Yet as war dragged on, and particularly when Napoleon seized control of the Revolution, the soldier became a more murky, questionable figure whose actions off page make them untrustworthy: think Mr Wickham in Austen’s Pride and Prejudice. But where the soldier’s reputation began to suffer, the naval officer’s only gathered strength (perhaps not surprisingly, considering Britain enjoyed far more success at sea then they did on land.) Thanks to major victories and popular tales of naval courage, the men of the Navy steadily became the nation’s emblematic heroes. The Navy was seen to face far greater threats and more severe conditions than the Army, with greater personal sacrifices demanded of their officers conducive to their winning of decisive battles whilst actively defending the nation’s borders.

Captain Gilbert Heathcote.jpg
Captain Gilbert Heathcote, William Owen circa 1805 (Birmingham Museum and Art Gallery)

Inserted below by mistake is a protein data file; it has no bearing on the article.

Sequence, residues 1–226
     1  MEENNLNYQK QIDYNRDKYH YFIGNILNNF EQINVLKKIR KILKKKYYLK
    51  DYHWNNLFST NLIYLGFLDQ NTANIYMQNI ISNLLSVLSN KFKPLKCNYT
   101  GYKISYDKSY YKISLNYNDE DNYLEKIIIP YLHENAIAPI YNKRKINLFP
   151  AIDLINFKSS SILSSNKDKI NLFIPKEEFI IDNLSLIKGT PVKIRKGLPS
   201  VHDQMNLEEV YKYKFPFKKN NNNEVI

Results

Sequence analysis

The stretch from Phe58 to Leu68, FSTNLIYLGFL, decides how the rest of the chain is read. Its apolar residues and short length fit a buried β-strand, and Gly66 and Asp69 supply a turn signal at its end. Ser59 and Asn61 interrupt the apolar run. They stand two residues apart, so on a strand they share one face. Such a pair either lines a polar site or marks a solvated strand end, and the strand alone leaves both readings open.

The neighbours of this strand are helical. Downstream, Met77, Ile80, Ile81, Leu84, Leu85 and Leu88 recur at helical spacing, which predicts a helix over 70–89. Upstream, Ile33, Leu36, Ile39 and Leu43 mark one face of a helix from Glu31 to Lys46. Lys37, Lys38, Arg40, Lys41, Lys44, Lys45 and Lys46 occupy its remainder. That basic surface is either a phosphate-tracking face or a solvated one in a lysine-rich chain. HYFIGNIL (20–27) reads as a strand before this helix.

Although the sea and shorelines offered the promise of space in which heroic masculinity could be constructed towards the end of the Napoleonic Wars, they also continued to be fraught with anxiety. Britain’s coastlines became iconic bastions, the physical representation of its ideological nationhood, but they were also dangerous spaces where the enemy could invade or infiltrate. One moment that is particularly striking in the Gothic’s engagement with war is the final chapter of Mary Shelley’s 1823 novel, Valperga. The story of a 13th century Italian condottieri, Castruccio, Valperga is a novel that is scathing in its anti-war sentiments: Shelley writes two female characters, Euthansia and Beatrice, into the historical narrative to demonstrate the destructive nature of war and the inevitable corruption of chivalry by military violence. At the novel’s close the heroine Euthansia is betrayed and banished into exile in Sicily by the protagonist Castruccio. Her ship, however, is lost at sea: ‘Nothing more was ever known of the Sicilian vessel which bore Euthanasia. It never reached its destined port, nor were any of those on board ever after seen.’ The death of Euthanasia, who throughout the course of the novel struggles to resist the violence that engulfs Valperga’s neighbouring states and to maintain peace for her people despite Castruccio’s warmaking, is a powerful, poignant moment that marks the novel’s end. Although Castruccio’s history, the narrator informs us, continues for some two years after this event, the text ends with Euthanasia. And specifically, Euthansia lost to history at sea: